A 40-foot sperm whale that died as it swam near the shore in Pompano Beach has washed ashore at the International Fishing Pier in Deerfield Beach.
Deerfield Beach lifeguards roped the whale carcass so the animal can be allowed to slowly drift away from the fishing pier toward the shore, where yellow police tape has been set up.
Early reports say the whale may have been harassed by swimmers over the weekend as it died.
Broward Sheriff's Office deputies are on the scene, and state wildlife officials have been notified.
According to a report by WTVJ Channel 6, a witness claims to have seen swimmers approach the dying whale on Sunday, and one of them reportedly even tried to climb on top of the animal.
Marine biologist Stefan Harzen and his wife, Barbara Brunnick, were called to the scene when the whale was spotted late Sunday afternoon on the 600 block of North Ocean Boulevard, according to the Broward Sheriff's Office.
Brunnick paddled out into the water to monitor the whale's movements and identified it as a sperm whale.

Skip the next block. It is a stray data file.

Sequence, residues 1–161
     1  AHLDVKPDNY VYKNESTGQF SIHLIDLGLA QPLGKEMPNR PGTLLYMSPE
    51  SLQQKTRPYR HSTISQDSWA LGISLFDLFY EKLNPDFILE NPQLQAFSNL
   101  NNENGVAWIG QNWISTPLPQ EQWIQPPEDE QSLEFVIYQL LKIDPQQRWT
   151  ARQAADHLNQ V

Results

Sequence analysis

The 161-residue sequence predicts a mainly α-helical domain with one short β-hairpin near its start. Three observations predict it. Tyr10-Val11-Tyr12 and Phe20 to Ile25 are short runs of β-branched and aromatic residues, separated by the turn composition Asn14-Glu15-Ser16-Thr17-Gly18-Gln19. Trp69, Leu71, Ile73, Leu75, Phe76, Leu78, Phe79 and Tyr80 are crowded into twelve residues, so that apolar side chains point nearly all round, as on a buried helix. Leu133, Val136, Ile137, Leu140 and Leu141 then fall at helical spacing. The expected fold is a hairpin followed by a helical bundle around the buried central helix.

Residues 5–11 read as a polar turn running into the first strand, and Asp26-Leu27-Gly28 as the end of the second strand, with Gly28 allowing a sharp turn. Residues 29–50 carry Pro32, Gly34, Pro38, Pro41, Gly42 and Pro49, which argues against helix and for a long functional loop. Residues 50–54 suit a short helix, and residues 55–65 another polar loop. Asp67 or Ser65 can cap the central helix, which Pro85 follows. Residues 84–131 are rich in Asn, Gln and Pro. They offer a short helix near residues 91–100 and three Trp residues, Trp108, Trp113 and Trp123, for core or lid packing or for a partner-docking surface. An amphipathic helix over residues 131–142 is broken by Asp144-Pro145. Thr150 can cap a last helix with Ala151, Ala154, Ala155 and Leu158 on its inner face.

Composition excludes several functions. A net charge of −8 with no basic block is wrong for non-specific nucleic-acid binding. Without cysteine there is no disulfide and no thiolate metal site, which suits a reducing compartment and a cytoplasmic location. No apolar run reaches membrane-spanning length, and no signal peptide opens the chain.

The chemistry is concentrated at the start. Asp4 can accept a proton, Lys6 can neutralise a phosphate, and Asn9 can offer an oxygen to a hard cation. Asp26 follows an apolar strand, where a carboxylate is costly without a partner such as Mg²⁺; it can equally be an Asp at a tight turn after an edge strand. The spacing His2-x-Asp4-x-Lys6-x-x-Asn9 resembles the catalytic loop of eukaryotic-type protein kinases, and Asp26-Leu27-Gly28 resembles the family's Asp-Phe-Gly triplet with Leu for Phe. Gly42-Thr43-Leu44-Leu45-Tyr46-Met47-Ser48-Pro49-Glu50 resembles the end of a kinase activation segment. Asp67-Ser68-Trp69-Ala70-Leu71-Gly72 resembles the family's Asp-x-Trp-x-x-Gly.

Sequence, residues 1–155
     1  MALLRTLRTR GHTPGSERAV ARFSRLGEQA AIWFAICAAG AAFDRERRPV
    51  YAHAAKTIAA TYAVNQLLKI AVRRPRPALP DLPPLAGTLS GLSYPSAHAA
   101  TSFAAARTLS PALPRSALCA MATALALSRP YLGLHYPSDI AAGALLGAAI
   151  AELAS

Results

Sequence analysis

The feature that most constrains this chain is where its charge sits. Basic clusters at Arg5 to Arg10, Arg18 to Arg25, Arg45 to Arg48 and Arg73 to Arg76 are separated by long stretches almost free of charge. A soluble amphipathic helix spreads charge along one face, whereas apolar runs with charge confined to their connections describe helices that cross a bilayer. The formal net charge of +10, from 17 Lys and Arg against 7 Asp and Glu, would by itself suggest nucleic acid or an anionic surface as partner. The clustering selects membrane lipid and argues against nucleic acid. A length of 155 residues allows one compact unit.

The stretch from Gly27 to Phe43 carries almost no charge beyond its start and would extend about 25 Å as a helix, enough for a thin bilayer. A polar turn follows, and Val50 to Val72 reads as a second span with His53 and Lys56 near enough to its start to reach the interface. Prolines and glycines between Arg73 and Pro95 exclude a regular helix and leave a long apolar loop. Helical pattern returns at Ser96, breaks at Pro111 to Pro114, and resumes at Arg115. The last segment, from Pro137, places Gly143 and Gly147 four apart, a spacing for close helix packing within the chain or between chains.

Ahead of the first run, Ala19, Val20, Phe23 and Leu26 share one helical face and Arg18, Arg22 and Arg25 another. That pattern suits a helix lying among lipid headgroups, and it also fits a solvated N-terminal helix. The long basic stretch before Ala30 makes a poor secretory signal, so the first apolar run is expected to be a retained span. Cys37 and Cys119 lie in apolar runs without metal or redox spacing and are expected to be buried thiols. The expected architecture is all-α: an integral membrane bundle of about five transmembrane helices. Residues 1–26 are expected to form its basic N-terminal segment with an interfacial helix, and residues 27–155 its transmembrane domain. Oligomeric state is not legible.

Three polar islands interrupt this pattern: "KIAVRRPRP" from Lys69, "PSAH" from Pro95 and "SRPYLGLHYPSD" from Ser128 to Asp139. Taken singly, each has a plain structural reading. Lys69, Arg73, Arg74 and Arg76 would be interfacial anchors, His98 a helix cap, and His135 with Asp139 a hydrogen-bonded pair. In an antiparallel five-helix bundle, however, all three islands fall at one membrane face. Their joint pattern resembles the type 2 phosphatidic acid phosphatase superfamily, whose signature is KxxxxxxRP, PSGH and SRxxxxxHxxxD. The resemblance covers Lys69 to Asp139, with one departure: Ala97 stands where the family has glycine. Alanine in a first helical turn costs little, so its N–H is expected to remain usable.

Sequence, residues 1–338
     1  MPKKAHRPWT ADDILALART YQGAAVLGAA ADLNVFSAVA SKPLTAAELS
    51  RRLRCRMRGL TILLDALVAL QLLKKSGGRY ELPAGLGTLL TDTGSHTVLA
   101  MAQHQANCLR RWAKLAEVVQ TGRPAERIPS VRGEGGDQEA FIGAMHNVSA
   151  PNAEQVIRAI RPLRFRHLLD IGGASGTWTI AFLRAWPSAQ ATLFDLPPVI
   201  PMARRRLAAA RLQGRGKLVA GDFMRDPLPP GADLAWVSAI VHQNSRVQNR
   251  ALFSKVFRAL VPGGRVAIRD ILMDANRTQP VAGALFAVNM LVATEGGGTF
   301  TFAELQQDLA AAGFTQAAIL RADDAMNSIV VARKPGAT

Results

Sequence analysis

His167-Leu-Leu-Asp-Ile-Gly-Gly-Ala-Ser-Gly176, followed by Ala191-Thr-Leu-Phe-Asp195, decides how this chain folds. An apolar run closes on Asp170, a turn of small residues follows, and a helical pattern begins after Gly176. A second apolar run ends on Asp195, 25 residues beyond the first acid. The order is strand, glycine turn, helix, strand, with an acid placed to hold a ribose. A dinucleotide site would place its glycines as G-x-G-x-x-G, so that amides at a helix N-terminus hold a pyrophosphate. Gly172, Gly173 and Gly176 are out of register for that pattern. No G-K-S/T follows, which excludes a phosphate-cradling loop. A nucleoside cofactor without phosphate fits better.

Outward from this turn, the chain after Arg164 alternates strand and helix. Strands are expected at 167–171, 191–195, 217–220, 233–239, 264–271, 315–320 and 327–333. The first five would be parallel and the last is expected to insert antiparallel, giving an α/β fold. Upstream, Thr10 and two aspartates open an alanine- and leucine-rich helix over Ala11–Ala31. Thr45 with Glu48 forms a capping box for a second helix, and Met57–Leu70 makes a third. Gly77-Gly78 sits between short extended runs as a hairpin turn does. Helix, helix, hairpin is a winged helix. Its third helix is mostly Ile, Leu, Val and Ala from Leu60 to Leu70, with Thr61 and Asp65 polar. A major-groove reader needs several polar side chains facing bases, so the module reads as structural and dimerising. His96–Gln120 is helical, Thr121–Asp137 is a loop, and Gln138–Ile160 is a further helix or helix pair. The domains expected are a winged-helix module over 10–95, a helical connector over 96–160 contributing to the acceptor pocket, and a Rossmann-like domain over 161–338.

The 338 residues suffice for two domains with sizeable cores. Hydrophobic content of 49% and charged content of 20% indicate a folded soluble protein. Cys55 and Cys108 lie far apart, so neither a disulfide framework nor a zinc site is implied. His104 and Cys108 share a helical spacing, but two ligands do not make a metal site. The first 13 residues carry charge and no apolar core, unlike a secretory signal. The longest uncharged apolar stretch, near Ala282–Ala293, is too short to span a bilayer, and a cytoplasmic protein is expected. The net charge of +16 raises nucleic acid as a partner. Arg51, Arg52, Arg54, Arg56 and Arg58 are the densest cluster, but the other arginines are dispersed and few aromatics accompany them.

"There is very little you can do for a whale that is ill or seriously injured," Harzen said.
As for the reports of the animal being harassed, the National Oceanic and Atmospheric Administration says it is investigating.
"Alive or dead, either way, it is illegal and a federal offense to harm an endangered species," said southeast regional stranding coordinator Blair Mase.
"To get on top of a whale like that could have caused further stress and contributed to its demise."
Scientists are expected to examine the animal to determine the cause of death.
Update: City Mayor Peggy Noland says she won't allow the animal to be autopsied on the beach, claiming that "the stench would be incredible."
Mase says the mayor's concern is legitimate, but examining the dead whale will help scientists learn its cause of death, as well as other valuable information.
Noland says a city-paid tugboat has been called in to haul the carcass out to sea.
NOAA scientists will be allowed to take some samples from the animal before and after it is taken away.
We Believe Local Journalism is Critical to the Life of a City
Engaging with our readers is essential to New Times Broward-Palm Beach's mission. Make a financial contribution or sign up for a newsletter, and help us keep telling South Florida's stories with no paywalls.